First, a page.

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Although the use of games has long been present in higher education classrooms, there remain many unresolved questions in relation to its effectiveness. At the EAA 2017 PhD Forum, we focused on the effectiveness of Digital Game Based Learning (DGBL) and, in particular, on videogames, as a relatively new instrument for educational use in higher education environments. If we examine the history of game use in higher education, we realize that simulations have been the most popular instructional tools used thus far. However, videogames have entered the classroom as a complementary tool for learning that may bring additional outcomes, although these outcomes are still in need of validation
The digital games selected for this activity were specifically designed to facilitate participants to learn accounting and financial management principles, in particular working capital management, while running a virtual company. Both games place the participants in the situation of understanding the implications on liquidity and profitability of many operating business decisions and grasping the relevance of a sound management of the working capital needs. They also highlight long term and strategic implications. In order to contrast the hypotheses of this research, two games were selected: a simulation and a videogame.
The simulation used in this research was ‘Working Capital Simulation: Managing growth V.2’, developed by Harvard Business School. In this single-player simulation, students act as the CEO of a small company, and decide whether to invest in growth and cash-flow improvement opportunities in three phases over nine simulated years. Each opportunity has a unique financial profile and students must analyse the effects on working capital. Students must understand how the income statement, balance sheet, and statement of cash flows are interconnected and consider the possible effects of each opportunity on the firm’s financial position. The company operates on thin margins with a constrained cash position and limited available credit. Students must optimize the use of ‘internal’ and external funds as they balance the desire for growth with the need to maintain liquidity. The simulation aims to develop intuition regarding a firm’s cash conversion cycle and to learn about the trade-offs between revenue and EBIT growth while also managing net operating working capital.
The videogame used was ‘Marty Raygun’s Fistful of dollars’, developed by ViaVivo, where the participants are challenged to make choices about customers, suppliers, and different types of inventory while running a manufacturing business. During the game, participants are exposed, to decision such as selecting among customers (suppliers) who pay (offer) high (low) prices, selecting from the customers (suppliers) who offer to pay on a cash basis (on a credit basis) or the customers that place the biggest orders. ‘Fistful of Dollars’ uses a trial and error approach to problem solving that aims to create pattern recognition skills and financial management intuition. The videogame aims to develop an understanding of how to increase revenues (and profits) as quickly as possible without running out of cash.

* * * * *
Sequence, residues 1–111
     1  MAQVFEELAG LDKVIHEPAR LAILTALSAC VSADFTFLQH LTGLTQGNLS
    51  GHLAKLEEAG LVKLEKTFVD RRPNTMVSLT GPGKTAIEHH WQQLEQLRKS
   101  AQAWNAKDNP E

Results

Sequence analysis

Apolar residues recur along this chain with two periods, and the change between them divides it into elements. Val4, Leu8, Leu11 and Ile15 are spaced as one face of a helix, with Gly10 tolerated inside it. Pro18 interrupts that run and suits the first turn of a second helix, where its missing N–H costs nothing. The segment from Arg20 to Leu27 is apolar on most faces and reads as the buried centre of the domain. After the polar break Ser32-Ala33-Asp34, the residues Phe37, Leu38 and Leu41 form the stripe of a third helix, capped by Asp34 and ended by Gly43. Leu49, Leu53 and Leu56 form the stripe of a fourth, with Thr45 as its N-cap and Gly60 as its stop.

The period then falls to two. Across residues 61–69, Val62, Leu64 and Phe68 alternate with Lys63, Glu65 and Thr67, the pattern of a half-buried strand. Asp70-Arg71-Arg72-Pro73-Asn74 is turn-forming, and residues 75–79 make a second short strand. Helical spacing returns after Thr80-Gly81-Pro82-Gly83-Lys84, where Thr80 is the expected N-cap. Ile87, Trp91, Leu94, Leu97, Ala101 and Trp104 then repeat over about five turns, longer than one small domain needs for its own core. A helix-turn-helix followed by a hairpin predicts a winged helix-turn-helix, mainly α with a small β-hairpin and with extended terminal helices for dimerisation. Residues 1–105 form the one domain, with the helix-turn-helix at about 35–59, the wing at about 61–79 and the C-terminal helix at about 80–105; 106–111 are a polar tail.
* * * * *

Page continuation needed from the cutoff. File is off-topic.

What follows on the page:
We have assessed the effectiveness of videogames in comparison to simulations with regard to their attributes, motivation, and learning outcomes, as three of the main dimensions that play a role in the effectiveness of DGBL. We observed that there are significant differences between the attributes and motivation dimensions of the videogame compared to the simulation, while no significant differences arise for the learning outcomes. This would imply that although both instructional tools lead students to the desired level of knowledge acquisition, the motivation generated, together with the set of features provided by the games as perceived by students, complement each other, leading to a superior learning experience. These results support then the inclusion of videogames as a complement to simulations in higher education accounting business environments. The rationale for such a statement is that, while in some attributes or motivational dimensions, simulations perform better than videogames, in others, videogames are perceived as superior. Thus, a blended approach could provide the learner with the ‘best of both worlds’.
 The simulation is available for educators, previous registration at: